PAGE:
One fascinating thing about Anthem by Ayn Rand is how the story engrosses a reader in its world. The gloom of collectivism in the story is so palpable that one can easily find one’s self hoping that not just Equality 7-2521, but the rest of the spirited citizens would escape from the city. Ayn Rand was brilliant in her use of language in the story, however, the story itself and the characters leave one with mixed feelings.
The story is a well-crafted one. Rand built a world of its own and developed a story and characters consistent with the world she created. However, as a reader, I was torn between exasperation at the believability of the story due to some loopholes, and a concession that those perceived loopholes are understandable given the context. For instance, for a city with such a strong regimentation of citizens, the corrective facilities are so lax that it was easy for a character to escape from prison and run through the city unchecked. But on the other hand, it is understandable that the corrective facilities will be lax given the record lack of resistance from the citizens.
Also, for a city that is keen on ensuring that everyone is where they are meant to be at every point in time, shouldn’t it be logical that some security officials be positioned in strategic places across the city to make sure that people who do not comply are discovered? Outsmarting the entire city was too easy for Equality 7-2521, but while it can be perceived as a loophole, it might also have been an intentional design by the author because, in the story, Rand painted the protagonist, Equality 7-2521 as being intellectually superior to the rest of the citizens.
The character, Equality 7-2521 is the centerpiece of Anthem by Ayn Rand. Except for Liberty 5-3000, other supporting characters are given so little attention that they can be regarded as mere extras in the novella.
The characterization of Equality 7-2521 is admirable, he is the typical fictional hero for some people to fantasize about– he is handsome, strong, intelligent, adventurous, sexy, and romantic. He is also somewhat relatable as he has his youthful struggles of questioning who he is and everything in his world. Then with time, we see him discover and embrace his true self.
However, the character Liberty 5-3000 is problematic as she makes a strong impression at first but later recedes into the stereotype of “beauty without brains”. At the first meeting of Liberty 5-3000 in the story, we a see haughty, fearless, and proud beautiful girl.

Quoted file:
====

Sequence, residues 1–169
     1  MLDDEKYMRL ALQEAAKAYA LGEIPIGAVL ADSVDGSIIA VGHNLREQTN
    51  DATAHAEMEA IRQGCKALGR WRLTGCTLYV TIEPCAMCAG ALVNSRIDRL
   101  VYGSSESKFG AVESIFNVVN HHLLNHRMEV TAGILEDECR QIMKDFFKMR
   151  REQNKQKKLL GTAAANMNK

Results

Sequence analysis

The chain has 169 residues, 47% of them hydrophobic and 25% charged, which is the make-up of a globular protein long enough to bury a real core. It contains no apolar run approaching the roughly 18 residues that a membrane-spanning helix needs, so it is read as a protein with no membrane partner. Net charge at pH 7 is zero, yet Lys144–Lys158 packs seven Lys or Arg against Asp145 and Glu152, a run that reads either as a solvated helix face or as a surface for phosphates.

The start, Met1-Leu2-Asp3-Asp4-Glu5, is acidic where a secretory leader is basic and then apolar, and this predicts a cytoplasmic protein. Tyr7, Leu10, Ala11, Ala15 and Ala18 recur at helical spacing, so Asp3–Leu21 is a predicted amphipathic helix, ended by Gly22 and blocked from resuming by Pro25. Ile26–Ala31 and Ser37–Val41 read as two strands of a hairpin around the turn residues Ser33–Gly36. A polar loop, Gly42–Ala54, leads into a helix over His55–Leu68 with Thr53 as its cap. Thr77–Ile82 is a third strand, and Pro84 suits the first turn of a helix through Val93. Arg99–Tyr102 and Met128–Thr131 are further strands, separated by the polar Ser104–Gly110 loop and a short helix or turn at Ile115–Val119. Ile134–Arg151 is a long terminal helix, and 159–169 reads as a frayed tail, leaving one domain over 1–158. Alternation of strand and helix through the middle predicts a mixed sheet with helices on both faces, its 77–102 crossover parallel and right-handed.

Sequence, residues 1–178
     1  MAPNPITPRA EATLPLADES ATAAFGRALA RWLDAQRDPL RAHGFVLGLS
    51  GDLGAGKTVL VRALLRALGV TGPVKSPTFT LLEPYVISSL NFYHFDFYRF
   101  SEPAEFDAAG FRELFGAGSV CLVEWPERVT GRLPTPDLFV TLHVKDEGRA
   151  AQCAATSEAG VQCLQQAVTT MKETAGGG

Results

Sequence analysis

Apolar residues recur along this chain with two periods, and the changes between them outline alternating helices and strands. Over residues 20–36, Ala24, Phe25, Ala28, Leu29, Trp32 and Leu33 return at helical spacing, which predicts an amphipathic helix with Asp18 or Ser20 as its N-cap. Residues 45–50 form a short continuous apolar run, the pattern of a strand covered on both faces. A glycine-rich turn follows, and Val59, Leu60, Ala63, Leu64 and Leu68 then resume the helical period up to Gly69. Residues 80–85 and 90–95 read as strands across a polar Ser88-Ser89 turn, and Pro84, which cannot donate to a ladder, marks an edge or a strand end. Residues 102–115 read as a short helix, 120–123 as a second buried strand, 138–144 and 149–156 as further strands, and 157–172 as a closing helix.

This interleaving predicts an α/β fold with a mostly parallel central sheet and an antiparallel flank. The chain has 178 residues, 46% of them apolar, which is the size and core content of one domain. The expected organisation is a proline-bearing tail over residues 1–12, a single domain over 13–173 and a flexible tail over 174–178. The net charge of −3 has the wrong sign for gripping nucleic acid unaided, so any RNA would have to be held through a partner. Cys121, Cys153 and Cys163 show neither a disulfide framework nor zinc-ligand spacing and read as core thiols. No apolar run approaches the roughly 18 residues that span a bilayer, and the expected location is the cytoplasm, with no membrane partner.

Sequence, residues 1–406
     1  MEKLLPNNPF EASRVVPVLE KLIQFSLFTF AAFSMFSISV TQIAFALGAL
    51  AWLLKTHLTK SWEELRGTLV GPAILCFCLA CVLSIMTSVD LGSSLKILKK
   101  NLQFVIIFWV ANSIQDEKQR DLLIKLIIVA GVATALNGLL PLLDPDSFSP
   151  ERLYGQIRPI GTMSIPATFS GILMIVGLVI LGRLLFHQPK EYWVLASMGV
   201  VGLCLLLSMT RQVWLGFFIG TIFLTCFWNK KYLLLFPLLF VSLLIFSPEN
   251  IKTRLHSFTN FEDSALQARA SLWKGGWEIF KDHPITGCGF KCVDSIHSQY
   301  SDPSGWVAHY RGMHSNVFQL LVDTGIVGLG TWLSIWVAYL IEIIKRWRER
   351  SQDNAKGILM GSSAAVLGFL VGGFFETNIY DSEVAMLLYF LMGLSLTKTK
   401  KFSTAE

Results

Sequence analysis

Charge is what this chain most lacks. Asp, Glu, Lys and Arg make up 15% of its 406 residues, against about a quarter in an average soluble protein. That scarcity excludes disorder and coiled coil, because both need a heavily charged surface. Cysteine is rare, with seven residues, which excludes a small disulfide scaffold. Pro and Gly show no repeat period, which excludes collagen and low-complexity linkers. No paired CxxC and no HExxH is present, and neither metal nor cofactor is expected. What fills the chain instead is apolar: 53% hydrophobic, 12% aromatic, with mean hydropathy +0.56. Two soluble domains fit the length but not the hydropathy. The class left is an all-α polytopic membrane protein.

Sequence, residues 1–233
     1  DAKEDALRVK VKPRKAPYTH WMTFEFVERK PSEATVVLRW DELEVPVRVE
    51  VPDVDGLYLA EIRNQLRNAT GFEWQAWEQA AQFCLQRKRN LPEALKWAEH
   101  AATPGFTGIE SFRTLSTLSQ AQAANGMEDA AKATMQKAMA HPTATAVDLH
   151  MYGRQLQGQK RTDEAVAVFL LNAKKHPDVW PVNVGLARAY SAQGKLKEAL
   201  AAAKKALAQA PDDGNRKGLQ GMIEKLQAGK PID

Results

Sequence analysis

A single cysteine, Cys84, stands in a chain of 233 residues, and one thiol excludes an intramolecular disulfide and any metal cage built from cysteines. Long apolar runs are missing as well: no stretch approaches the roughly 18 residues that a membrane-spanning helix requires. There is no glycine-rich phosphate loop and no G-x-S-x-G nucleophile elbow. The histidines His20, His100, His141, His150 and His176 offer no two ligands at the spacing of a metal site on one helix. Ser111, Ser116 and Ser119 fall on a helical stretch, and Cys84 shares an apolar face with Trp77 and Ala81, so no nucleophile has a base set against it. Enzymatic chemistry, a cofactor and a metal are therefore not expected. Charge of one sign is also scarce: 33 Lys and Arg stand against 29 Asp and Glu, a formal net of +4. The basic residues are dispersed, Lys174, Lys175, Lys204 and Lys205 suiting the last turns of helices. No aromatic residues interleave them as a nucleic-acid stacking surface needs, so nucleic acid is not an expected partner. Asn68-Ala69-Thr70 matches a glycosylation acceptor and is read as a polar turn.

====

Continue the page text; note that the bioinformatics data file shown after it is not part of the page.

As the story progresses, we see more of her fearlessness as she defies the rules to interact with the man she loves. She also proves to be courageous by leaving her world behind and going into the unknown in search of the love of her life. However, upon finding her lover in the forest, she submits her independence completely to him and becomes more like a docile appendage to Equality 7-2521 instead of an individual in her own rights. Quite ironic for a book that places so much emphasis on individualism as an ideal.
Why is Anthem a good book?
Anthem by Ayn Rand is a good book because it is a short read that will not be daunting to any reader but filled with great messages about finding power in one’s self. It also has a strong theme on the evils of collectivism in its extreme form.
Who is the protagonist in Anthem?
The protagonist in Anthem is a character with the name Equality 7-2521. He is also the narrator and we see the story from his perspective. He adopts two other names in the course of the story. First, the girl he falls in love with names him The Unconquered, and towards the end of the end, he changes his name to Prometheus.
Why is ego important in Anthem?
In Anthem by Ayn Rand, ego is important because it is regarded by the hero as the heart of man’s freedom, honor, rights, and man’s life. It is also described as a secred word. This can be found in Chapter Twelve, pages 98-99 of the novella.
Lasting Impact on the Reader
Anthem Review: Ayn Rand's Chant of Egoism
Ayn Rand was a writer who used her fictional writings to project her philosophy to the world. Anthem, her only novella, was a short embodiment of her philosophical and political outlook. The book is not a bad read and its small volume makes it an easy read. However, the story while being a creative one has some loopholes in the plot and many underdeveloped characters that detract from its lasting impact on a reader. Also, being a work of fiction, it would have been more credit to the reader’s intellectual ability if the major theme had been laced into the plot and the characters’ dialogues instead of a long elucidation from one character. Overall, Anthem is not a book a reader would regret reading.
- Good Use of Language
- Great Themes
- Not a daunting volume to read
- Great Setting
- Poor character development
- Loopholes in the plot
- Conflicts are resolved too easily